They are among the highest echelons of pedestrian fare, joining burgers and nachos in the holy trinity of bar food. Chicken wings have been making stool-bound drunks smile saucy Ronald McDonald grins since they were invented in Buffalo in 1964. Now they're served with such fervor their price outpaces chicken breasts during periods of high demand.
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While they're popular everywhere, wings often fall short of their Upstate New York counterparts. Sometimes they're dry, sometimes they're rubbery. Occasionally nitwits think that breading their wings is the path to bar food nirvana. So common are these infractions that when you find a stellar version that remains true to the original (especially this far south) there is cause for great celebration.
That Flying Saucer uses Frank's Red Hot as its wing sauce is the first clue that what arrives in a stainless steel bowl is the real deal. Buffalo wings should be coated in nothing but the cayenne pepper hot sauce, enriched with butter, brightened with vinegar and otherwise left alone. The kitchen at Flying Saucer keeps their traditional sauce traditional. From there things only get better.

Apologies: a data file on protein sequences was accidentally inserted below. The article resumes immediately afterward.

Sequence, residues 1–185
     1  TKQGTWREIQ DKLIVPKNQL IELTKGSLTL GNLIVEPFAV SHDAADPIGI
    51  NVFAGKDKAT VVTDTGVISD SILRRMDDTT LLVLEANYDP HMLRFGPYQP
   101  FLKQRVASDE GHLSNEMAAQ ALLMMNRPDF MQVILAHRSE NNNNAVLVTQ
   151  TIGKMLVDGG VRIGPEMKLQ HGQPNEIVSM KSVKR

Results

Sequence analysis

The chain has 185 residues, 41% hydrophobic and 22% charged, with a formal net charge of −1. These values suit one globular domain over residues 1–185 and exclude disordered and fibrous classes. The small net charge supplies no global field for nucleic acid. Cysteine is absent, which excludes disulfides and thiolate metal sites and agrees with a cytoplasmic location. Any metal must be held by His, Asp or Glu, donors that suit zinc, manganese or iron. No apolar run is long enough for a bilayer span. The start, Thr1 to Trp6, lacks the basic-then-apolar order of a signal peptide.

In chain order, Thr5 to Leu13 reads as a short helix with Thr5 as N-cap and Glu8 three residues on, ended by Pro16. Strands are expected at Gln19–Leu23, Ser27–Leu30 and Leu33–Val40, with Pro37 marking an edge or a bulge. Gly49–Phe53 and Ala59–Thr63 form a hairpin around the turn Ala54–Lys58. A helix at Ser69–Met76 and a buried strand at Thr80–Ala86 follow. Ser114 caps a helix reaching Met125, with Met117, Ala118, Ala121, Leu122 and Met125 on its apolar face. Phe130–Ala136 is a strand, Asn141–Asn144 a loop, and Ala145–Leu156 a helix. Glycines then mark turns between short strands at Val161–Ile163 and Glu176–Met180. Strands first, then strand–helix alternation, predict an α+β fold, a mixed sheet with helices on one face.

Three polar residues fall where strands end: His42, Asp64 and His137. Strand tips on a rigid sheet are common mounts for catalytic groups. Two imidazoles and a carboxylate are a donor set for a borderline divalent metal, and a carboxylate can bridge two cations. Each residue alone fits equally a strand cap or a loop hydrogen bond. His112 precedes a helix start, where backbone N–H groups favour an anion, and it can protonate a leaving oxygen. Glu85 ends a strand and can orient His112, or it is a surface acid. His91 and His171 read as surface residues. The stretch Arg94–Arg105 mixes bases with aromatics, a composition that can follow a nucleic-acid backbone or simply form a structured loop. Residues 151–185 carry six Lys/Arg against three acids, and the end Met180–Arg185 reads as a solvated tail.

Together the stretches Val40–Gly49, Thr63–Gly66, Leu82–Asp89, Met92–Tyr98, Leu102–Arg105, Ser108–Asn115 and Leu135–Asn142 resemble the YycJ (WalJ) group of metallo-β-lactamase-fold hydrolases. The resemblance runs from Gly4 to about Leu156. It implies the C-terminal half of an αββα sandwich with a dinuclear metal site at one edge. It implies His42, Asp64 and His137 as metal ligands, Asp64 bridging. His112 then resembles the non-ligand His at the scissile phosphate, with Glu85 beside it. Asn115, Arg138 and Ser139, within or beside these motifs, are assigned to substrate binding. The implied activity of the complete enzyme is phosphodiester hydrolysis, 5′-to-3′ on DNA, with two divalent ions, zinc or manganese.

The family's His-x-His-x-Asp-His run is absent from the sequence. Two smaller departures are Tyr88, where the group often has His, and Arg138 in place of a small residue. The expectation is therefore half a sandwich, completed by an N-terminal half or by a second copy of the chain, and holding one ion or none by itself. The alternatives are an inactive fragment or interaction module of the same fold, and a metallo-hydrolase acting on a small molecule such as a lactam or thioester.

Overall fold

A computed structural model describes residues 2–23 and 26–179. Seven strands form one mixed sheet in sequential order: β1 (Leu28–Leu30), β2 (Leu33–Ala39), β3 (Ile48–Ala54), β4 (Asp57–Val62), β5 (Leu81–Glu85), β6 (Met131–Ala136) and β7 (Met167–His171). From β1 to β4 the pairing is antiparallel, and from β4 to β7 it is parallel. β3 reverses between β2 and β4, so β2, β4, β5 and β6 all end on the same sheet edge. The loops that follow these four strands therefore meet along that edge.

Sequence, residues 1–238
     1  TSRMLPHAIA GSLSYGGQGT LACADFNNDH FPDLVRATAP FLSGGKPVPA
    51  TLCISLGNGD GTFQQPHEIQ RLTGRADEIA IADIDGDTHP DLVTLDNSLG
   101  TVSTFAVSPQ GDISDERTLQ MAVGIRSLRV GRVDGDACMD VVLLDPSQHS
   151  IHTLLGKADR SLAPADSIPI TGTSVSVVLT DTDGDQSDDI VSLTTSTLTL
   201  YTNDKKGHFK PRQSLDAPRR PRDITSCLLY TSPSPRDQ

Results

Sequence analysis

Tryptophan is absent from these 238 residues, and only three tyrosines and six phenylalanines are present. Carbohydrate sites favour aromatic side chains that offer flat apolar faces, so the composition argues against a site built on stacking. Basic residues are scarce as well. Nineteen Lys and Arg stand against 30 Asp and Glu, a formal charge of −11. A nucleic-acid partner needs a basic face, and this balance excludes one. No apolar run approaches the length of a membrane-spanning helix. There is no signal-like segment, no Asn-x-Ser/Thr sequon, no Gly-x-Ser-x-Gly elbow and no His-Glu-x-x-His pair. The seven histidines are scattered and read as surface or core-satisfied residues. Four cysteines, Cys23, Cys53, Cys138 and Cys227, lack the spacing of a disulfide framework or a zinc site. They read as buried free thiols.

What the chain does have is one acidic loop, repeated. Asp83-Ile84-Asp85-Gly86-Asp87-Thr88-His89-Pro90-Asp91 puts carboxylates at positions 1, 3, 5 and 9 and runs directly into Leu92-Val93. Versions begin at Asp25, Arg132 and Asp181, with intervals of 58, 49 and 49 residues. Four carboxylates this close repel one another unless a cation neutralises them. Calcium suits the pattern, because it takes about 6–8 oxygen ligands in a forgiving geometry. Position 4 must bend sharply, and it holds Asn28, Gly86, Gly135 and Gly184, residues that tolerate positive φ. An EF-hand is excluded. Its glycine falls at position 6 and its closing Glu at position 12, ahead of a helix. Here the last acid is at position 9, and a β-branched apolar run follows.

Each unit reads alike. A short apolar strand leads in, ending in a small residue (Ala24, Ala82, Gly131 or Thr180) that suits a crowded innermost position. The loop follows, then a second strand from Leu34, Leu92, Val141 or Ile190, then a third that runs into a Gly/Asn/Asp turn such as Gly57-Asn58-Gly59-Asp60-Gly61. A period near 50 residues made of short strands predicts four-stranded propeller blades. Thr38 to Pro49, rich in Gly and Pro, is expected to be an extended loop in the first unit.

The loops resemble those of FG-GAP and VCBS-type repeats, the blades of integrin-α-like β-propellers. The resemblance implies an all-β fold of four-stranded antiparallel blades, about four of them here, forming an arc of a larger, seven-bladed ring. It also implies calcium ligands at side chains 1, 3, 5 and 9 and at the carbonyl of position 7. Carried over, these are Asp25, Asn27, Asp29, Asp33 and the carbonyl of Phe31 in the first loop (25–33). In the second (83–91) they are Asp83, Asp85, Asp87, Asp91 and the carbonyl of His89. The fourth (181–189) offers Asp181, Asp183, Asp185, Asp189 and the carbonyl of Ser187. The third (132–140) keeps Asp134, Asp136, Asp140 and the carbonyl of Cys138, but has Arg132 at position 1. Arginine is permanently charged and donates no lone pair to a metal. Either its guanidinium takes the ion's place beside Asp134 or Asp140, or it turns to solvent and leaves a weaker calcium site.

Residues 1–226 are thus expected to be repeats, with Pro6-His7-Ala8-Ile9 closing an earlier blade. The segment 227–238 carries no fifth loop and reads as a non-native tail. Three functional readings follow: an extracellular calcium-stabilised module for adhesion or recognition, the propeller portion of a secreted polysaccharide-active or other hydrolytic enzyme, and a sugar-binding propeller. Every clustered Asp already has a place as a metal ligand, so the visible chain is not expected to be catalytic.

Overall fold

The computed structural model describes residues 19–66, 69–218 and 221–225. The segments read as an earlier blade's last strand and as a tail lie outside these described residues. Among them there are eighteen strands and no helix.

The wings are sizable, meaty and juicy with nice crisp skin. And while the lettuce leaf is bothersome -- celery and carrot sticks are salad enough -- the wings are an exemplary example of this classic snack.
If you haven't visited the Fort Worth location of the Flying Saucer recently, the restaurant deserves another look. It moved a few blocks across downtown last year, outfitted an impressive patio with a large performance stage and started pouring from the extensive beer list they've come to be known for. While the new location lacks the charm of the original, those wings make up for aesthetic short-comings. I've got a new go-to when I'm in hungry in Cowtown and in need of a pint.